8TH OCTOBER 2021 NADDLE FELL
(including the tops of: Wren Crag, High Rigg, Naddle Fell).
You won’t find the name Naddle Fell on the OS maps but nevertheless here it is – visited in early October 2021. Standing between St John’s In The Vale to the east and the A591 corridor to the west Naddle Fell provides one of the best low level fell circuits to be found in the area. In my Complete Lakeland Fells I identify three separate tops: Wren Crag (1020ft), High Rigg 1125ft and Naddle Fell 1171ft at the northern end of the shoulder.
On this day the weather was rather changeable but once we started out the sun broke through and the light and early autumnal colours were breathtaking. The early section of the walk, ascending through the mixed woods of oak and Scots Pine, remains of outstanding quality. This despite the fact that in March 2018 a freak wind, the “Beast from the East”, blew down St John’s In The Vale and felled very many trees both on this shoulder and through the pine woods above the western shore of Thirlmere. Some tree were simply lifted from their roots and toppled whilst others, whose root base held firm, were twisted and shattered.
Just before the prominent twin pines near the crest of the hill, right beside the path, the ground was littered, with fresh attractive looking mushrooms. I couldn’t decide whether they were chanterelle or false chanterelle. They smelt pretty inviting and looked good so I picked them. On return I fried them in butter and we had them on toast. They didn’t taste great but weren’t bad. Alas examination of expert video postings later confirmed they were false chanterelle – marked in all the books with skull and crossbones – poisonous. Thankfully, apart from seeing pink elephants sitting in the bus shelter, they had no effect whatsoever! Of course there is a moral to this tale. As Bill Brooker, legendary Cairngorms pioneer climber, once told me; that whilst he loved to forage for, and eat, exotic mushrooms if he couldn’t identify them with complete certainty he would – “try them out on the kids first”.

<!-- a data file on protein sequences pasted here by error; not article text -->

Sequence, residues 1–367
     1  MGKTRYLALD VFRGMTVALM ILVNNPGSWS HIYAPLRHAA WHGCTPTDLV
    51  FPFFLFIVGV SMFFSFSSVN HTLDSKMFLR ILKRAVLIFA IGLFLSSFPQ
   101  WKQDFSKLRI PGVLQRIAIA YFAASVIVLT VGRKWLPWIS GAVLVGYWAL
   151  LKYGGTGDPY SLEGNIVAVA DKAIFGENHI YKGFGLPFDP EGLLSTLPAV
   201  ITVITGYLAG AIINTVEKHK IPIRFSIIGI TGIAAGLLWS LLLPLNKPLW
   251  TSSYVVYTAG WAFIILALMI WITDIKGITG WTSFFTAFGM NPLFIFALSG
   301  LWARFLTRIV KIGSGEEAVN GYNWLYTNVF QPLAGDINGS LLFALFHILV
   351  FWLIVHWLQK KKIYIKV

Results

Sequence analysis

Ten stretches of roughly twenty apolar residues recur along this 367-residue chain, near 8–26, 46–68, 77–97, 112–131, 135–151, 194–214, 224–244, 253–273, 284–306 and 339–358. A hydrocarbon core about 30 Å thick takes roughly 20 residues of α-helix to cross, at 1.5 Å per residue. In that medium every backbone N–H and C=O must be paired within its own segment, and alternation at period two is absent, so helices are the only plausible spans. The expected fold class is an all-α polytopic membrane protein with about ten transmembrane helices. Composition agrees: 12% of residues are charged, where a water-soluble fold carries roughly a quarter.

(Please don’t take this literally dear reader – it’s said in a lighthearted way but messing with mushrooms is highly dangerous and there is a very real possibility of death if you get it wrong).
Dropping from the summit rocks of Naddle Fell to the buildings above the church is on quite steep grass for a short section. A deviation to the left above the buildings of the Youth Hostel lead to a flat stone marked ambitiously with the name of distant mountains: “Cat Bells Keswick” seems reasonably positioned but I’m not so sure about “Liathac Torridon” or, even further away, “Mt Fuji Japan”. Incidentally, it’s just occurred to me as I write this, I’ve climbed and photographed all three of these great mountains.
Nestling in the shelter of the little hollow, between Naddle Fell and Low Rigg, is St John’s Church which gave its name to the vale below. The present building, of lovely proportion, well used and in good order, dates from 1845 when it was rebuilt by local builders John Richardson, Miles Stanley, Thomas Tyson and Henry Powlay for a cost of £98! There is some evidence that there was a church here in the 13th century, but the earliest clear reference to St John’s is in a will of 1554. “The Story of St John’s-in-the-Vale” is a booklet, written by Geoff Darrall, which explores the history of both valley and church. It’s priced £5 and is available from the Church or from Bookends bookshop in Keswick.
Detailed in the book and in the church is the interesting tale of local builder John Richardson who became a renowned dialect poet. John went on to be the schoolmaster here – the school being the building just above the church which is now the Carlisle Diocesan Centre and Youth Hostel. His book “Cummerland Talk” was published in 1871 and contained a mixture of poetry and prose written in dialect. His best known comic poem being “It’s nobbut me” which is based on his courting of Grace Birkett (who became his wife). Other gems include “What I’d Wish for” and “Somebody sed seah”.
The low track skirting the eastern flanks just above the valley was at one time, before the land drainage and river canalisation improvements turned it from bog to pasture, a main highway through the valley. I guess that’s why main roads are called ‘highways’. It continues to pass immediately above Low Bridge End Farm. Before the Covid Pandemic traditional teas and homemade cakes here, sitting out in the little garden on stone benches, was one of the great experiences of summer walking in the Lake District. I hope they open again soon. Finally the path rises steeply above the river, a precipitous drop below, and through the mixed woods (I counted at least ten different species) back to the road. And through the trees, in late afternoon, a golden light often illuminates Castle Rock and the great climbing line of Jim Birkett’s ‘Overhanging Bastion’. But that’s a story for another day.